Whether or not you loved The Road, most people seemed to feel it captured Cormac McCarthy's novel. Sadly, most adaptations do violence to the original books, but not all. Here are 12 SF/fantasy adaptations that did right by the books.
The Lost World (1925)
There have been many movie adaptations of Arthur Conan Doyle's 1912 novel, but for our money, the original is still the best, thanks to some pretty amazing stop-motion animation showing dinosaurs trashing London. The groundbreaking special effects, by Willis O'Brien, gave rise to later classics like the original King Kong — and O'Brien trained Ray Harryhausen. This is also the only Lost World adaptation that Conan Doyle seems to have approved of personally. The whole thing is on Youtube, and here's the climax — skip to about 4:58 for the beginning of the dinosaur-rampage awesomeness.
20,000 Leagues Under The Sea
Sure, it's a Disney movie, and it's got Kirk Douglas singing "A Whale Of A Tale." But it also has James Mason's understated, creeptastic performance as Captain Nemo, full of subtle menace. And the special effects still look pretty breathtaking, even 55 years later. Most of all, it captures the wonder and boundless curiosity of Verne's book.
The original film version of Ray Bradbury's book-burning classic is a vivid, lurid masterpiece — I saw it as a kid, and it still sticks in my mind. But what did Bradbury think? He wrote, in the introduction to one edition of the novel:
And what do I think of the film?
I have heard those cries in the past of outraged authors whose books have just been gang-raped by a studio.
Such is not the case, luckily, with me.
I think that Truffaut has captured the soul and essence of the book. He has been careful and subtle in his shadings and motions. He has escaped making a technological James Bond film, and made, instead, the love story of, not a man and a woman, but a man and a library, a man and a book. An incredible love story indeed in this day when libraries, once more, are burning across the world.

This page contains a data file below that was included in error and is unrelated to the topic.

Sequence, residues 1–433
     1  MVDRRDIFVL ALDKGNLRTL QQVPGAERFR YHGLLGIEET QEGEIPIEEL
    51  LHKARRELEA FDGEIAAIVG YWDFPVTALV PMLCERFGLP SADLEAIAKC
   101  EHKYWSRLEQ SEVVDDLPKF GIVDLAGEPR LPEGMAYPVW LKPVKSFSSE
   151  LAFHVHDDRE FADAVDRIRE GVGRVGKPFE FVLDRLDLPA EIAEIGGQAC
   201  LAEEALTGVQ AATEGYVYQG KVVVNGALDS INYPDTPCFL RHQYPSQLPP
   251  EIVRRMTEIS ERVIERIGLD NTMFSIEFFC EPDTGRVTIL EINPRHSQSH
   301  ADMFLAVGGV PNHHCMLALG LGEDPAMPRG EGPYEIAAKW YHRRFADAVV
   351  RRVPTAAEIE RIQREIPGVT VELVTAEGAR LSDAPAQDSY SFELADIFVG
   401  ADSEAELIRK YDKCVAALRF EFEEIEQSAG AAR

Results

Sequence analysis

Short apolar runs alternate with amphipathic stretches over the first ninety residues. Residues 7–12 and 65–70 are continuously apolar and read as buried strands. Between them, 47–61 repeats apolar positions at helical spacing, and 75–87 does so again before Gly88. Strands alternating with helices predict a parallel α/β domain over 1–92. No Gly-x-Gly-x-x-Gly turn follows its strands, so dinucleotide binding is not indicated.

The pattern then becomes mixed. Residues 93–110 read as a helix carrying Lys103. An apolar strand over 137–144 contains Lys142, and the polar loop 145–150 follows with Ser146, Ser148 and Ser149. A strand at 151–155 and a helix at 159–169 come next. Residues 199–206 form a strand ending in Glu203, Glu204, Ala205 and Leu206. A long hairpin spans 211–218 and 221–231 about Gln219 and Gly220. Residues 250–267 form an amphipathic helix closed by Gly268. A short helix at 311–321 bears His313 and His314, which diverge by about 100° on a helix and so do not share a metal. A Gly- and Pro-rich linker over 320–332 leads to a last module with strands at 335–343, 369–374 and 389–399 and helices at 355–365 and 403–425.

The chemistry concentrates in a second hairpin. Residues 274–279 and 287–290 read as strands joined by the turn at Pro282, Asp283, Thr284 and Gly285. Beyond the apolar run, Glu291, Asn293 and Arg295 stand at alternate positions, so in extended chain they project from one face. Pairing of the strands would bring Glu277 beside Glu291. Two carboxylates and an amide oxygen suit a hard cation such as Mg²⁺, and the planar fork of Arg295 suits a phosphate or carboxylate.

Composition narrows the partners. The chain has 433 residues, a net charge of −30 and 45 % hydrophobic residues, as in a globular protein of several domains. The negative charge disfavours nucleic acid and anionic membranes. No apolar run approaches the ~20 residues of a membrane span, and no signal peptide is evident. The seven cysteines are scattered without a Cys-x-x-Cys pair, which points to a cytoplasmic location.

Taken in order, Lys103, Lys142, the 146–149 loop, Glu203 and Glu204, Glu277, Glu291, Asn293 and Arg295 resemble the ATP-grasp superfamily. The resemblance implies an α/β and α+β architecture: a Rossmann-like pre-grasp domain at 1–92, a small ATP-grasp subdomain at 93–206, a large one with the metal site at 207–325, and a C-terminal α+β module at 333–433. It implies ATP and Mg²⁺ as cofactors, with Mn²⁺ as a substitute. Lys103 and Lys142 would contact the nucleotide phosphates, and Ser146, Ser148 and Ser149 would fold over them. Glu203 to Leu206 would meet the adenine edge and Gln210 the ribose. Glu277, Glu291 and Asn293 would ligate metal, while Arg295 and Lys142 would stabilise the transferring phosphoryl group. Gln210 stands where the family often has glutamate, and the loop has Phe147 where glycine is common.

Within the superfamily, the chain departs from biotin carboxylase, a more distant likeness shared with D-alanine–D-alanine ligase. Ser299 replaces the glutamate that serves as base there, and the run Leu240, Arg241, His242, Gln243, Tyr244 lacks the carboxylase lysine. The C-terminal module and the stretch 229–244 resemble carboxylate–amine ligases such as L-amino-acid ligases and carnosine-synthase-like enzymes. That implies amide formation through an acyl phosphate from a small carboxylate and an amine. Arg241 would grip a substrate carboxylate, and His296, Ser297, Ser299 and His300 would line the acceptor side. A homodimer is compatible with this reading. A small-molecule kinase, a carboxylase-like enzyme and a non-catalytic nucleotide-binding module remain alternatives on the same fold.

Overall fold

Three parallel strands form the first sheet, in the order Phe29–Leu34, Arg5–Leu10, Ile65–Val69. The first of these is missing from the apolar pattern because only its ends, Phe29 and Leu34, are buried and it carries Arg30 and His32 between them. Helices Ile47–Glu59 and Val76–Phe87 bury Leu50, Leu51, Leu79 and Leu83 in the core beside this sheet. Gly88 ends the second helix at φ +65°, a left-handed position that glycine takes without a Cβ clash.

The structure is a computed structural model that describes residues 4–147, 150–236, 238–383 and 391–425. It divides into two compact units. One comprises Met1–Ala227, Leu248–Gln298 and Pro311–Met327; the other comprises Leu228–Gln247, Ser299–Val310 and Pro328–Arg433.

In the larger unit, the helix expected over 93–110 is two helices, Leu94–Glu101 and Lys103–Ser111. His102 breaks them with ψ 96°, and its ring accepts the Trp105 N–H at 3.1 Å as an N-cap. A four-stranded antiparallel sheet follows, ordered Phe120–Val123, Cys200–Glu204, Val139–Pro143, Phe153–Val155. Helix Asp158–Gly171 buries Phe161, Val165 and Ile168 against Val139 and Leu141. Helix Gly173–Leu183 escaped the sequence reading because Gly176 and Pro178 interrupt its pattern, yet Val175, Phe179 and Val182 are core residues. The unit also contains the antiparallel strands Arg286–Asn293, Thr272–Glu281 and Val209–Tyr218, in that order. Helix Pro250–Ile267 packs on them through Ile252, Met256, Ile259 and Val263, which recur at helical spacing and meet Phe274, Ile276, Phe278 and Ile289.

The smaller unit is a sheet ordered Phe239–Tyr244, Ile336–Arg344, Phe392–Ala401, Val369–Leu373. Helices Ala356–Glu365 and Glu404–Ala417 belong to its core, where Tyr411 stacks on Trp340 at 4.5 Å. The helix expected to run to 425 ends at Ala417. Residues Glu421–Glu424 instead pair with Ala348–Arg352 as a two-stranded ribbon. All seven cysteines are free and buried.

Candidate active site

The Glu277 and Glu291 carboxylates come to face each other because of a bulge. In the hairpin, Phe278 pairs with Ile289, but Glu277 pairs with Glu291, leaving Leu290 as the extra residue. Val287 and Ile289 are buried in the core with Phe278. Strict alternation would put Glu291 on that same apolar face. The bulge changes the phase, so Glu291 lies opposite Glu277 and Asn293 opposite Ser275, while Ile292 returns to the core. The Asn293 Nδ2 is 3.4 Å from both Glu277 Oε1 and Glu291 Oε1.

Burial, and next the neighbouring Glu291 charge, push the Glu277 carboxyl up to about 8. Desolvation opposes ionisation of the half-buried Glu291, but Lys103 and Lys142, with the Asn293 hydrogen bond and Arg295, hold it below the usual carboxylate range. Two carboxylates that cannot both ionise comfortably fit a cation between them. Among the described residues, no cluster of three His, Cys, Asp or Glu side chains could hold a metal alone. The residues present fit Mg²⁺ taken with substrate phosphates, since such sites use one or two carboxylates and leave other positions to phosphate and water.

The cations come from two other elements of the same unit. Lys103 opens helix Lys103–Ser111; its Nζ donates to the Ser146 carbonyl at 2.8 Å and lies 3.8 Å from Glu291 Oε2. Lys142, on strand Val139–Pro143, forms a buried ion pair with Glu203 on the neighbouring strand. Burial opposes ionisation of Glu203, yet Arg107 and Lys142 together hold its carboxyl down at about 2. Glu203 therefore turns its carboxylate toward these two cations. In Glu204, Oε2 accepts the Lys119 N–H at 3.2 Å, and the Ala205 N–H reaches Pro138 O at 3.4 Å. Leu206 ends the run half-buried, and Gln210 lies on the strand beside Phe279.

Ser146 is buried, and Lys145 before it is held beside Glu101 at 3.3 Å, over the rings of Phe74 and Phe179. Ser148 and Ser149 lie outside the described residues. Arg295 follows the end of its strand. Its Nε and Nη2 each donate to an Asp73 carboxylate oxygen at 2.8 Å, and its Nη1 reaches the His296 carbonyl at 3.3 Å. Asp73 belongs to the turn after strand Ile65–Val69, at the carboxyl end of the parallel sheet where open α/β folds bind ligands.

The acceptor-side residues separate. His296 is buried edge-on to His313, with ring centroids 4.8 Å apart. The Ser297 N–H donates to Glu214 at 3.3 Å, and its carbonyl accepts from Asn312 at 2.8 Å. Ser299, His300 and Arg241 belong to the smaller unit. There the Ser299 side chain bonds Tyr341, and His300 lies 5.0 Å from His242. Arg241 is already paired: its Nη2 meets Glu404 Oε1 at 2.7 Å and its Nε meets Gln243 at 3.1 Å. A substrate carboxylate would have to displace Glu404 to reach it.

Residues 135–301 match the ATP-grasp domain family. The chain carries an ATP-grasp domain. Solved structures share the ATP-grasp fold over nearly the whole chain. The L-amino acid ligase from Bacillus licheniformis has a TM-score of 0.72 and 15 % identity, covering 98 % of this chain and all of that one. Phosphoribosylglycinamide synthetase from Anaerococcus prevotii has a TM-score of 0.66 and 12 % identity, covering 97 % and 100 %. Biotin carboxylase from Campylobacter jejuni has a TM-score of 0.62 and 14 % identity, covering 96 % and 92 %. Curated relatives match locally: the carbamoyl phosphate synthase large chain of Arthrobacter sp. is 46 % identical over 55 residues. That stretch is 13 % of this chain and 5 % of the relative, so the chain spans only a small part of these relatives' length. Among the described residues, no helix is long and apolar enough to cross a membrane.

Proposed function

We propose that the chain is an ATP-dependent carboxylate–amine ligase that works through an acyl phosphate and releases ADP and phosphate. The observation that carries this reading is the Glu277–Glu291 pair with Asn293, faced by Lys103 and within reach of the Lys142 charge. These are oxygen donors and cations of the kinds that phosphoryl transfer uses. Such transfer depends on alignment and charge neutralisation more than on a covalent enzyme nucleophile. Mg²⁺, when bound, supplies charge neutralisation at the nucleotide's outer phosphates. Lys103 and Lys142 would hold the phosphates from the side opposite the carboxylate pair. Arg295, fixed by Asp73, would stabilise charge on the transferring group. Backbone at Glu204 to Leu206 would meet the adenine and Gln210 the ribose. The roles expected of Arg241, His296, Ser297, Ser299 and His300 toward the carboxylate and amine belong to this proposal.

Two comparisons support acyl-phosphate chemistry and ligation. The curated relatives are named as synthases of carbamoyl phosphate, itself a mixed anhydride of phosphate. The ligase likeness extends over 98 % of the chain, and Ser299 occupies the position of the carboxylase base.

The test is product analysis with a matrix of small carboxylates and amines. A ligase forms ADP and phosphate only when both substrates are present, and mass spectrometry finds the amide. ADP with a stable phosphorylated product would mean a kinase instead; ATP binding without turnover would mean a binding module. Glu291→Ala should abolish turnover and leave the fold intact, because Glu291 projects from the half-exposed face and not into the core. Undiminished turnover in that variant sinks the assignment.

I am very grateful.
According to Wikipedia (although it's not sourced), original novelist Anthony Burgess felt Stanley Kubrick's film was brilliant — but almost too brilliant for our own safety. Whether Burgess really said that, he'll get no argument from the hordes of people who've loved this uncompromising, brutal look at hooligans and social control in a dystopian future. It's Kubrick at the top of his game, honoring and transforming the source material. (Note: We considered including 2001 as well, but since the book was written after the movie, we decided against.)
Yes, this film takes some liberties with Philip K. Dick's "Do Androids Dream Of Electric Sheep?" But it's also one of the best reflections of Dick's constant paranoia and flood-of-weirdness storytelling methods. And of course, Dick himself wrote an ecstatic letter praising this film's vision and his belief that it would re-energize science fiction altogether.